It’s our personal feelings about an activity that make it stressful. The truth is that how we feel about things can make us sick. Stop worrying and start doing!

Doing more with less and taking on new tasks is how the human race has survived and progressed. We need to increase our productivity to compete, and it can overwhelm us if we let it. The key phrase is “if we let it.” One person’s “overwhelming” is another person’s “in the zone.” When you are busy, time flies — even if you are busy doing stuff you don’t like. You may notice some people are just stressed out in general, and some are so laid back you accuse them of laziness. Your belief system creates your experience. But how can you change a belief?

Ask yourself these questions:

1. Does what you believe make your life better?
2. Is it possible that something you truly believe might not be true?
3. Is it possible for a fact to become untrue?
4. Does being stressed and overwhelmed benefit you in some way?

It’s impossible to get through those questions without realizing the power that human beings have to overcome their circumstances. And they overcome not only to survive change and stress but to actually thrive and become more creative. It’s a fact that war, tragedy and limited resources have produced more innovation than a pile of cash, a bunch of geniuses and unlimited time. Okay, killer whales and dolphins, follow that!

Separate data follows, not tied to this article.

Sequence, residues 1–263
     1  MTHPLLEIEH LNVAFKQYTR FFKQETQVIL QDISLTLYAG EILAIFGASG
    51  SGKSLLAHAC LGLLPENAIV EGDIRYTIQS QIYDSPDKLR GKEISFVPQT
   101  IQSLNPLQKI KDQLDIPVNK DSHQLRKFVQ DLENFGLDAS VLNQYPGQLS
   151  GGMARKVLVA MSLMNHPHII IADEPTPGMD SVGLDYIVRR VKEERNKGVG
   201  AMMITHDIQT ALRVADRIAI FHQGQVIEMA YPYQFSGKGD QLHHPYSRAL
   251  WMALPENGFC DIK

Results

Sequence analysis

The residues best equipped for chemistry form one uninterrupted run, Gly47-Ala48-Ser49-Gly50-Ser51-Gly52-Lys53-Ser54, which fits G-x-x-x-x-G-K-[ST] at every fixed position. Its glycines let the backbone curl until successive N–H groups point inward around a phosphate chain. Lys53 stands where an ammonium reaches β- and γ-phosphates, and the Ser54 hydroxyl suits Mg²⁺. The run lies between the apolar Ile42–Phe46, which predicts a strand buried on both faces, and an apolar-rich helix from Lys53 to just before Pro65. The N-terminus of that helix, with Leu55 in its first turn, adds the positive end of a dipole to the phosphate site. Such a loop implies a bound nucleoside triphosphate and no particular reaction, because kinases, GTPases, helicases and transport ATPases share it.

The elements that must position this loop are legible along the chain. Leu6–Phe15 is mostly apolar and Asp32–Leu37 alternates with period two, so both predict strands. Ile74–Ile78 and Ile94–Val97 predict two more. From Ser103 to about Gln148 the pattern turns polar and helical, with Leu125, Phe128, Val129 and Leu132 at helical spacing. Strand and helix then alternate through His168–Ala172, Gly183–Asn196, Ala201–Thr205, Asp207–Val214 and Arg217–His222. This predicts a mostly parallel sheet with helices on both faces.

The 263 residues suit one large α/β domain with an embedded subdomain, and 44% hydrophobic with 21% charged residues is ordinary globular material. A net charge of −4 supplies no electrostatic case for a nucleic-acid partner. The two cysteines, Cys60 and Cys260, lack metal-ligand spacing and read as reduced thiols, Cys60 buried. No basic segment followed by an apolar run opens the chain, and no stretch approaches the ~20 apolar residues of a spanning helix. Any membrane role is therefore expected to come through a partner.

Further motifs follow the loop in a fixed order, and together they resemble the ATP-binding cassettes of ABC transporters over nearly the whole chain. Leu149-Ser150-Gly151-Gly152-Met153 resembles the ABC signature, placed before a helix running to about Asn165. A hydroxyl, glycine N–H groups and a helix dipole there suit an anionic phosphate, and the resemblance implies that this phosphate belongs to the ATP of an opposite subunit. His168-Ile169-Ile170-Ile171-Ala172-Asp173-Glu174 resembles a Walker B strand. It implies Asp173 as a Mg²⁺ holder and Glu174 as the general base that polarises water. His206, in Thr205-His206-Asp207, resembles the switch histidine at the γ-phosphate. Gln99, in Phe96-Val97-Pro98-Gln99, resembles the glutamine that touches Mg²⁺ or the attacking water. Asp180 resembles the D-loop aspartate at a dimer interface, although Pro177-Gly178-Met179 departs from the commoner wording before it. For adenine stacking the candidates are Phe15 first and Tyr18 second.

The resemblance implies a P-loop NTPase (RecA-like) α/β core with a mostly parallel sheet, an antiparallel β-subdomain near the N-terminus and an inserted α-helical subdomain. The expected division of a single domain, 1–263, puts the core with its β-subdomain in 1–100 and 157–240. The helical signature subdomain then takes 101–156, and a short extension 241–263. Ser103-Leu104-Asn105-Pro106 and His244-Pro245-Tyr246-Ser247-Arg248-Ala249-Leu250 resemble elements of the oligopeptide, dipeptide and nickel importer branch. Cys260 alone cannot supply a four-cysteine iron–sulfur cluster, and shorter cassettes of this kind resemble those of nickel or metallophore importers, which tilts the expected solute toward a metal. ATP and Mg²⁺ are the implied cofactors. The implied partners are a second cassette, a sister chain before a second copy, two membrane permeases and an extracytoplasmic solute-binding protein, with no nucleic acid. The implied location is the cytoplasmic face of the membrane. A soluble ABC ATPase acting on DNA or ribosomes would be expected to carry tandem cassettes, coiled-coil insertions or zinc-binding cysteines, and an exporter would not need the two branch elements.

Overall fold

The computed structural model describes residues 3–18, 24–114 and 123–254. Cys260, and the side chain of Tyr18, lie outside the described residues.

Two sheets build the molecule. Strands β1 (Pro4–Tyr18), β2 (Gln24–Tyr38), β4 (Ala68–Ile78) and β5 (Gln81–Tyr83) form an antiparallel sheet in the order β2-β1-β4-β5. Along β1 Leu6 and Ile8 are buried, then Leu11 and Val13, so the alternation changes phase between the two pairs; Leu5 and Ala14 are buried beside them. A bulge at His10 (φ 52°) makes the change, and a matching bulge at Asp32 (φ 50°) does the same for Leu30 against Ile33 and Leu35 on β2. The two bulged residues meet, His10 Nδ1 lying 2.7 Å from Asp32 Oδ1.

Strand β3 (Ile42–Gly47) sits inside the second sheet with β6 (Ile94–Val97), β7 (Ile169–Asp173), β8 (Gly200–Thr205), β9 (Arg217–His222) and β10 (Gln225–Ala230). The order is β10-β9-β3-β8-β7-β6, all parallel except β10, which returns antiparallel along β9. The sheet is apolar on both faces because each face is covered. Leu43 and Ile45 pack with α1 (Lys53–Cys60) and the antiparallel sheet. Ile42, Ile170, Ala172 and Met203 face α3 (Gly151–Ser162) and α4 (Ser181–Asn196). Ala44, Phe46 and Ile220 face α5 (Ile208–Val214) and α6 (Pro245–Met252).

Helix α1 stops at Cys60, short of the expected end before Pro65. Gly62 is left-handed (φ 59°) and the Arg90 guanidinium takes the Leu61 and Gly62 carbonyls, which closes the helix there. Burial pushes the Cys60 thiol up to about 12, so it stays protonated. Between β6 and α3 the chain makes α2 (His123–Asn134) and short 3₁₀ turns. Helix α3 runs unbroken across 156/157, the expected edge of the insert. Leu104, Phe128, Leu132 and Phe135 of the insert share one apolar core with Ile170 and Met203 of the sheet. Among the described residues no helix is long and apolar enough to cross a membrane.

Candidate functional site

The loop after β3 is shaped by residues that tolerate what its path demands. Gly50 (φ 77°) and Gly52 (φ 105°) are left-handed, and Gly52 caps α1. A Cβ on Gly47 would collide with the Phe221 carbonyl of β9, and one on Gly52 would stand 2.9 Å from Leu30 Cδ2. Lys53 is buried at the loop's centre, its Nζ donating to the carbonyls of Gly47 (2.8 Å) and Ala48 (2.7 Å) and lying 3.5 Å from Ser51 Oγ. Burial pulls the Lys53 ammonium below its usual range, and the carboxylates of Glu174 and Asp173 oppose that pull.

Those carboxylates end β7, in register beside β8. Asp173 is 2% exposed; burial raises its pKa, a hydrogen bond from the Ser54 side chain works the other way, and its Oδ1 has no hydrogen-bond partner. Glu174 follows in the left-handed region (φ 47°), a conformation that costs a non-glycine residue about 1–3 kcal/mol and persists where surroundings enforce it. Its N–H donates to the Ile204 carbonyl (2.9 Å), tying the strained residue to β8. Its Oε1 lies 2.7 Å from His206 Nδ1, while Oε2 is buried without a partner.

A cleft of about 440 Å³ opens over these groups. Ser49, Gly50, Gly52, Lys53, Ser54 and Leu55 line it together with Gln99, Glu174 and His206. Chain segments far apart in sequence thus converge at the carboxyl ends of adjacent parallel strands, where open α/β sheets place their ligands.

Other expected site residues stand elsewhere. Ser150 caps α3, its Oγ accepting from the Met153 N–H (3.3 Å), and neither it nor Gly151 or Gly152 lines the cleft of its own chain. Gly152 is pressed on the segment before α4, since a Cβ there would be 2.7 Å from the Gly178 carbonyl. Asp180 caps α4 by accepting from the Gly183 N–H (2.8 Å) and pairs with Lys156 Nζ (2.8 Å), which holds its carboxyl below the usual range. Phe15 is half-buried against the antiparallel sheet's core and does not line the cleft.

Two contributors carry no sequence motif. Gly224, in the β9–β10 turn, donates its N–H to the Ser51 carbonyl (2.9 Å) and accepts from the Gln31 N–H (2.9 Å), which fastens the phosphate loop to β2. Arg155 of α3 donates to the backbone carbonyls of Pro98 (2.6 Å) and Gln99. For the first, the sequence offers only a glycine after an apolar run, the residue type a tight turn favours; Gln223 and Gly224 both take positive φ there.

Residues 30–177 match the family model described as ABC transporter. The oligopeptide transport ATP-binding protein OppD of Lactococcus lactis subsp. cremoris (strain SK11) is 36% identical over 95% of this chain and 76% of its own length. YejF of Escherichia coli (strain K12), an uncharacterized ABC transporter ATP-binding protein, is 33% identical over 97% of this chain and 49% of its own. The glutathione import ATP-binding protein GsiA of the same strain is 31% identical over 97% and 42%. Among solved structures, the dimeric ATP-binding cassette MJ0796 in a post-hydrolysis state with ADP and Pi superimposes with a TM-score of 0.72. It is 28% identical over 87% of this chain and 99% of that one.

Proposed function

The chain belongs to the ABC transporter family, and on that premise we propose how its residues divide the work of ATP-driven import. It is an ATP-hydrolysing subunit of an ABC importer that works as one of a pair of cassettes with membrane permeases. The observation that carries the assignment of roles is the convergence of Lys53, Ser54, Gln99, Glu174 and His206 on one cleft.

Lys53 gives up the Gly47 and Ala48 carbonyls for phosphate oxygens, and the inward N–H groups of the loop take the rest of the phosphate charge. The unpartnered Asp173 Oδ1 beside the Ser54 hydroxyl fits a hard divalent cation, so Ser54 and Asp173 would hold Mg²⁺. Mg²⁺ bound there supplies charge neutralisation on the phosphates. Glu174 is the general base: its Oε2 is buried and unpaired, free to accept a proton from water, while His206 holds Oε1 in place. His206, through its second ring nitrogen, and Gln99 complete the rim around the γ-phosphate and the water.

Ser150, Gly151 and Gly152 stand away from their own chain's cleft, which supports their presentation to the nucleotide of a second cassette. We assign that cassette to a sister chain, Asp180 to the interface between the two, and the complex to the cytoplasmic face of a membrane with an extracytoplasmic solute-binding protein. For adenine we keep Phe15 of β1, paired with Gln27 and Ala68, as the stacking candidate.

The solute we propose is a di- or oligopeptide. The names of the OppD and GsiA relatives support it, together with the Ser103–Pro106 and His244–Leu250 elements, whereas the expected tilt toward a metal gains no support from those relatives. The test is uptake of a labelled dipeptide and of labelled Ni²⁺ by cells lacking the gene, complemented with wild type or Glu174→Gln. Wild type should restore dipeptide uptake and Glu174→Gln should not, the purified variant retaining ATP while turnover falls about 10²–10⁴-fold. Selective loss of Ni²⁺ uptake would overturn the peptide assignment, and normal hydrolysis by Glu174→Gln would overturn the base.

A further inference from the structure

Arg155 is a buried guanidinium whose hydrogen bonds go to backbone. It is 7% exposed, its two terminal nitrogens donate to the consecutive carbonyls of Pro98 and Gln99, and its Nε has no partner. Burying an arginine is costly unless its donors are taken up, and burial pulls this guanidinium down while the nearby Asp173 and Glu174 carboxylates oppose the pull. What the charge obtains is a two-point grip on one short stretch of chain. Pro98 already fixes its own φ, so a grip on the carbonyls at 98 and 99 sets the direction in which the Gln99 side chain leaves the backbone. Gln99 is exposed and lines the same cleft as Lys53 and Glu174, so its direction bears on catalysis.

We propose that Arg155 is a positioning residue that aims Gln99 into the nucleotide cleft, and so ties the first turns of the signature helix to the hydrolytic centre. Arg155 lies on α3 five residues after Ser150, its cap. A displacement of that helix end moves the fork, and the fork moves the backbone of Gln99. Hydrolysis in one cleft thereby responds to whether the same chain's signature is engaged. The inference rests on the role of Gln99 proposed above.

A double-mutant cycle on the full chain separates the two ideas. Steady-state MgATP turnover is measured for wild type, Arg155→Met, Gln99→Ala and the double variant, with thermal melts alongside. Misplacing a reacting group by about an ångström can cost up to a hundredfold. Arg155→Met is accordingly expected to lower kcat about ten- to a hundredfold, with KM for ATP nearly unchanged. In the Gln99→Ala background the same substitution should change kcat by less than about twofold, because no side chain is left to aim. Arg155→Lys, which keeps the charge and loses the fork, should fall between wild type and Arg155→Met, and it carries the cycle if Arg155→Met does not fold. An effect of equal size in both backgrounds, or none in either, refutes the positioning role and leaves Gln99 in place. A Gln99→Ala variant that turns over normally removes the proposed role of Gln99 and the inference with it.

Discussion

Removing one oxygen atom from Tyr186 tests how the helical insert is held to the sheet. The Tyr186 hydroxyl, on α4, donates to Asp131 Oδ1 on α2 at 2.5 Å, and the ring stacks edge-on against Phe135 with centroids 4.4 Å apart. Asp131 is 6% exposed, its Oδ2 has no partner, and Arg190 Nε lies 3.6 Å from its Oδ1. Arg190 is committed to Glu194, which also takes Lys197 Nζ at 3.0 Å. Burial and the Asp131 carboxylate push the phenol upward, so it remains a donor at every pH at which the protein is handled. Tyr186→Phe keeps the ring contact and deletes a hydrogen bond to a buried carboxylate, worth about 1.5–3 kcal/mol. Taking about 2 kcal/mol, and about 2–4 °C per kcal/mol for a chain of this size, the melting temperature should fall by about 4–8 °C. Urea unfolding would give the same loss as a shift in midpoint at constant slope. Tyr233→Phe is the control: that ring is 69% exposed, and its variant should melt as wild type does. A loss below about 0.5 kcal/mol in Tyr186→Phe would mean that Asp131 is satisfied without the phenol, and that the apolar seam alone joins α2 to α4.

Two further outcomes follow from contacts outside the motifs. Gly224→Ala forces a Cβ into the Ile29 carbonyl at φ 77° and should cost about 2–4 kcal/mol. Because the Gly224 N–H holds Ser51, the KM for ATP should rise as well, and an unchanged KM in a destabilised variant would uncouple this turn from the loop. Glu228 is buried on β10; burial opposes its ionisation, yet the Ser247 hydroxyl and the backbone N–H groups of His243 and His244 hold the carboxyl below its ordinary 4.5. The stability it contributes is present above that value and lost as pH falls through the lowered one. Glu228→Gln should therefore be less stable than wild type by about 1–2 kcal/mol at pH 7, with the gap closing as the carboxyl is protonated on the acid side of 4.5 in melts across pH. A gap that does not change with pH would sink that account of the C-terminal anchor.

About Garrison Wynn

Garrison Wynn, a Houston business speaker represented by the Houston Texas Speakers Bureau,has worked with some of the world’s most effective corporate leaders, educators, and business developers, from multibillion-dollar manufacturers and national associations to top New York Stock Exchange wire houses. He has a background in manufacturing, entertainment, telecommunications, and financial services. In his teens, Wynn worked with Magnavox and baseball legend Hank Aaron to promote the world’s first video gaming system, and by age 27 he became the youngest department head in a Fortune 500 company’s history. He researched and designed processes for 38 company locations nationwide and developed and marketed products still being sold in 30 countries.

An experienced actor in films and a former professional stand-up comedian, Garrison has hosted national television and radio programs. He is the author of the best-selling book The REAL Truth About Success, contributes weekly columns to The Washington Post, and has coauthored with Stephen Covey. His books, articles, and award-winning success tools have received high praise, but his greatest strength is a magnetic live performance that keeps him in high demand, with more than 600 inquiries and 100 speaking dates per year.